As the National Swimming Championships take place at Ponds Forge International Sports Centre, Sheffield (5-10 April 2022), we chatted to local home-grown talent, James Kirton, former GB Olympic and world champion swimmer, about his elite sporting background, and how this applies to his current role as athlete mentor for Dame Kelly Holmes Trust.

What’s your greatest sporting achievement?

Hands down, competing in 2008 Olympic Games in Beijing

What makes the Olympics so special?

In my sport of swimming, competing at the Olympics is the pinnacle of the sport. Something like 0.02% of people get to compete for their country at the Olympic Games and to be part of that small percentage is pretty amazing. All the athletes from all the countries are there and mixing with other famous athletes was incredible, I remember bumping into Roger Federer… the sheer scale and magnitude of the event was also something that made it so special.

What would you say are the skills you need to succeed at the highest level of elite sport?

To be able to compete at an elite level, you need to live and train at an elite level.

Belief. Someone told me when I was a teenager, “Just because you’re not an Olympian, it doesn’t mean you can’t train like an Olympian” and from that moment on I decided to live like an Olympian. I had a positive mindset, I trained and lived well.

One secret to being successful is consistency, turning up EVERY DAY and giving it your best. On days when you can’t be bothered, it’s having that ability to still go and train and give it your absolute best.

Resilience to learn and lose. Ability to push yourself further. My success came from the ability I had to push myself further than some of my competitors.

What was your biggest challenge during your sporting career?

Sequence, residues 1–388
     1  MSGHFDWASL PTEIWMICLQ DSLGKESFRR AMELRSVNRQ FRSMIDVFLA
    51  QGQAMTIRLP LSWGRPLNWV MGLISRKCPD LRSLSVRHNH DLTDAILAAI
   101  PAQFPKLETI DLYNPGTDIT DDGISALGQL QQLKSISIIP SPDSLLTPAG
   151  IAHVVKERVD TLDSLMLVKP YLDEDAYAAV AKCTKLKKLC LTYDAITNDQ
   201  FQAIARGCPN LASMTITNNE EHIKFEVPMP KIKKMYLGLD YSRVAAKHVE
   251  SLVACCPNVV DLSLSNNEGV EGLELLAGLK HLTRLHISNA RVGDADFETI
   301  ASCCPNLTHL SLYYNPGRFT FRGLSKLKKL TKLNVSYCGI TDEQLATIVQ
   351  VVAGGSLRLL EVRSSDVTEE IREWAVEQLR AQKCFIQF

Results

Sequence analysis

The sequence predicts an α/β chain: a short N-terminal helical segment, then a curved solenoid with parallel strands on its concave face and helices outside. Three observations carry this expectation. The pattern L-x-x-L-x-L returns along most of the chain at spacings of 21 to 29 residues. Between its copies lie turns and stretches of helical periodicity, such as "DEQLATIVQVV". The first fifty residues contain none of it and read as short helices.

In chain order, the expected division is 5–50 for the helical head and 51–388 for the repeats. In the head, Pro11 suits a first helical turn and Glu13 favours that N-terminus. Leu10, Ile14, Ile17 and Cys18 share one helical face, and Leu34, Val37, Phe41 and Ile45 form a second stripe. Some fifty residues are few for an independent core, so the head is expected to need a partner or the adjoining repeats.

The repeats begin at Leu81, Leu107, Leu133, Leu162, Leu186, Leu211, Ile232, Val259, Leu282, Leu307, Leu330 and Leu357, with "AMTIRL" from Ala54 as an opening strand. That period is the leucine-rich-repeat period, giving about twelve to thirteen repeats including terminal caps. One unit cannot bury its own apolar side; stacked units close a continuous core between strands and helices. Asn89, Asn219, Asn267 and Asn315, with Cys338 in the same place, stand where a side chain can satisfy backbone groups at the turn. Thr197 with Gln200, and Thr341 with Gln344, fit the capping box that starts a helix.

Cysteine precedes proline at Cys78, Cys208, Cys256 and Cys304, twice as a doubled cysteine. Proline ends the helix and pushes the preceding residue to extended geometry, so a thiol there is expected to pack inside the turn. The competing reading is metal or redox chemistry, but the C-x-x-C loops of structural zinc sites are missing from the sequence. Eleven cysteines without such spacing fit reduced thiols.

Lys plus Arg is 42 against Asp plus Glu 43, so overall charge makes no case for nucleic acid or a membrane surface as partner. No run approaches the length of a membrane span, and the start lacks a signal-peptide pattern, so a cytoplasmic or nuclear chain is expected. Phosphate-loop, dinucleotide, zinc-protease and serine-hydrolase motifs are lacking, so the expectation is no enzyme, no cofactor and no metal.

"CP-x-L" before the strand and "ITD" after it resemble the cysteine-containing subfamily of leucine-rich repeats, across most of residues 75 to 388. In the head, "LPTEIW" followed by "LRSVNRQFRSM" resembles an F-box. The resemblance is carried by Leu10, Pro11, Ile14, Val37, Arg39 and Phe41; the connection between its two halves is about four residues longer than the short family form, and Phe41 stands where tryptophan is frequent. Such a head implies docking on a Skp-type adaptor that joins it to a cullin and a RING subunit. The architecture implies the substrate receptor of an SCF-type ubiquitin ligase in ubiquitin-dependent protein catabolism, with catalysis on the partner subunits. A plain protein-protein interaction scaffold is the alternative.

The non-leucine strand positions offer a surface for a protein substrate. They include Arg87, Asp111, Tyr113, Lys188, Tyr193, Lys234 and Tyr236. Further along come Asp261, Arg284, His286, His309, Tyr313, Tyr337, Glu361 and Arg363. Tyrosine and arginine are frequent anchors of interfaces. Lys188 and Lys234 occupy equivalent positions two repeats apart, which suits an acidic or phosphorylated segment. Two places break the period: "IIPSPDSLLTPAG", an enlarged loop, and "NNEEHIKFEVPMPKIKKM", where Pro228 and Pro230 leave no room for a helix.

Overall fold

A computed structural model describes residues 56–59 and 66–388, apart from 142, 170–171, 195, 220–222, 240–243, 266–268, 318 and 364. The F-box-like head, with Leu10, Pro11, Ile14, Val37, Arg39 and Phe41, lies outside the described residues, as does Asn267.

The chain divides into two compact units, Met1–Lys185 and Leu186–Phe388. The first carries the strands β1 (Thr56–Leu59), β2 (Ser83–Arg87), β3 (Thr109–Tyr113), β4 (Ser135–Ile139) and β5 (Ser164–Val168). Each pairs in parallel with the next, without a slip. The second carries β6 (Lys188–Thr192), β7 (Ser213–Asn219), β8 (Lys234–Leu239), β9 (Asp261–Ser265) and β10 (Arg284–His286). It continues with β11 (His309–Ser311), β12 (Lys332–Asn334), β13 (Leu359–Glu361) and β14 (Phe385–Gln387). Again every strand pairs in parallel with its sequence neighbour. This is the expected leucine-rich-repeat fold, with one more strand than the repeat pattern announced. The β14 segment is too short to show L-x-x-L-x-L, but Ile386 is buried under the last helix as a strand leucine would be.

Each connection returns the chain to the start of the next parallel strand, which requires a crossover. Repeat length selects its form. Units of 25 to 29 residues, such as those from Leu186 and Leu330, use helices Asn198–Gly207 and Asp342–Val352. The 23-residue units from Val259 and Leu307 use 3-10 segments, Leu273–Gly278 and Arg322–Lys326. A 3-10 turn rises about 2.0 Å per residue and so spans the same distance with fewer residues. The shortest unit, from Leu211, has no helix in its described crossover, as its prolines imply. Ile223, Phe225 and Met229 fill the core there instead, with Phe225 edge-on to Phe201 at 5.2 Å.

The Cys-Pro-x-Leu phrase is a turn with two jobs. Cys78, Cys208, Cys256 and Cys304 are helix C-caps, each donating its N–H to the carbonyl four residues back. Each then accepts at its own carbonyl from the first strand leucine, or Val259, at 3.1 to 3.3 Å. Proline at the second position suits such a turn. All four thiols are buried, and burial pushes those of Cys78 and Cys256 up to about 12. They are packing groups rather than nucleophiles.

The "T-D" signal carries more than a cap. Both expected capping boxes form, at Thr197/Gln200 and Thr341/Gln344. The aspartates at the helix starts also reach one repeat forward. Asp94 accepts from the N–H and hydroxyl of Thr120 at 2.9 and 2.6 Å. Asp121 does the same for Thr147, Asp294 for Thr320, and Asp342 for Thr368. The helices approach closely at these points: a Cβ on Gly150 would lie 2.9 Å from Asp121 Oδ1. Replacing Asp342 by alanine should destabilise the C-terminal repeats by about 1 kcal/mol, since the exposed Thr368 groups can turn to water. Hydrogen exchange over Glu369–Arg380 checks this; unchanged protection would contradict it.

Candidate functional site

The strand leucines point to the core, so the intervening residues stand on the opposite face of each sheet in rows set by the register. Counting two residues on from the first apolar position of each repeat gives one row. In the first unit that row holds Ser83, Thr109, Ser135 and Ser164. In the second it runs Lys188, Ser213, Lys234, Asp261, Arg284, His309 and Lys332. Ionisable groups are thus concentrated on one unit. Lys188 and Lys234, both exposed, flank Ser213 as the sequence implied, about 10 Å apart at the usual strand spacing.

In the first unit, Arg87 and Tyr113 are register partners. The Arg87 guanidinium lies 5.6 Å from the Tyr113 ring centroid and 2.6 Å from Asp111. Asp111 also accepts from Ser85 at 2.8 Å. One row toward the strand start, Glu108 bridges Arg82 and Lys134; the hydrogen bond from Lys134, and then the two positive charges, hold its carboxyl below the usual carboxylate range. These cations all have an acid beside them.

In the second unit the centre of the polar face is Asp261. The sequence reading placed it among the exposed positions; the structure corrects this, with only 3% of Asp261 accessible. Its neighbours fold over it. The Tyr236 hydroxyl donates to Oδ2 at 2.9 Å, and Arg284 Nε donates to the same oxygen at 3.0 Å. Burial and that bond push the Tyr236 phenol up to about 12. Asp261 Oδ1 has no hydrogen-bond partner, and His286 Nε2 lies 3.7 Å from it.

My biggest challenge would have been battling injuries. As a youngster I was in a great programme with great coaches but didn’t have the knowledge about my body that I wish I had. I was training harder than my body was ready for. I was training for 30 odd hours a week and my body didn’t have the stability or resilience to hold itself together. My biggest injury came in 2007 when I had three operations before and after the Olympics. It was like I’d trained all my life for something and then to have it taken out of your hands and you have those feelings that it’s unfair and that you don’t deserve this… but all you can do is remember that you have worked hard for this over a long period of time and giving up now is not an option!

Being able to lean on other people is difficult but I found it so important at this point when I was really struggling with these injuries. If I hadn’t accepted help from doctors, physios, friends, family… I know I wouldn’t have been able to compete at the Olympics.

How does competing at an elite level relate to the issues you see young people tackling today?

I never put myself on a pedestal or think that what I’d done was amazing, but when you look back, it was pretty good!

The question I mainly get asked is ‘How did you get there?’ They assume you were pushed by parents, or always knew you were going to be good, or you have an affluent background, so it was easier. When you tell them you were a council estate lad from Barnsley who at ten years old decided he wanted to be good at something… it gives them a bit of a shock! They always ask how I stuck at it and I just tell them I always wanted it more than the next person. I think sometimes the young people are a bit disappointed with my answer as there isn’t a secret really about being successful, it’s down to hard work and consistency and surrounding yourself with the right people.

Every single successful person I know shares the same morals, characteristics and ethics as me. They’re all hardworking, willing to go the extra mile and resilient.

What attracted you to becoming a mentor?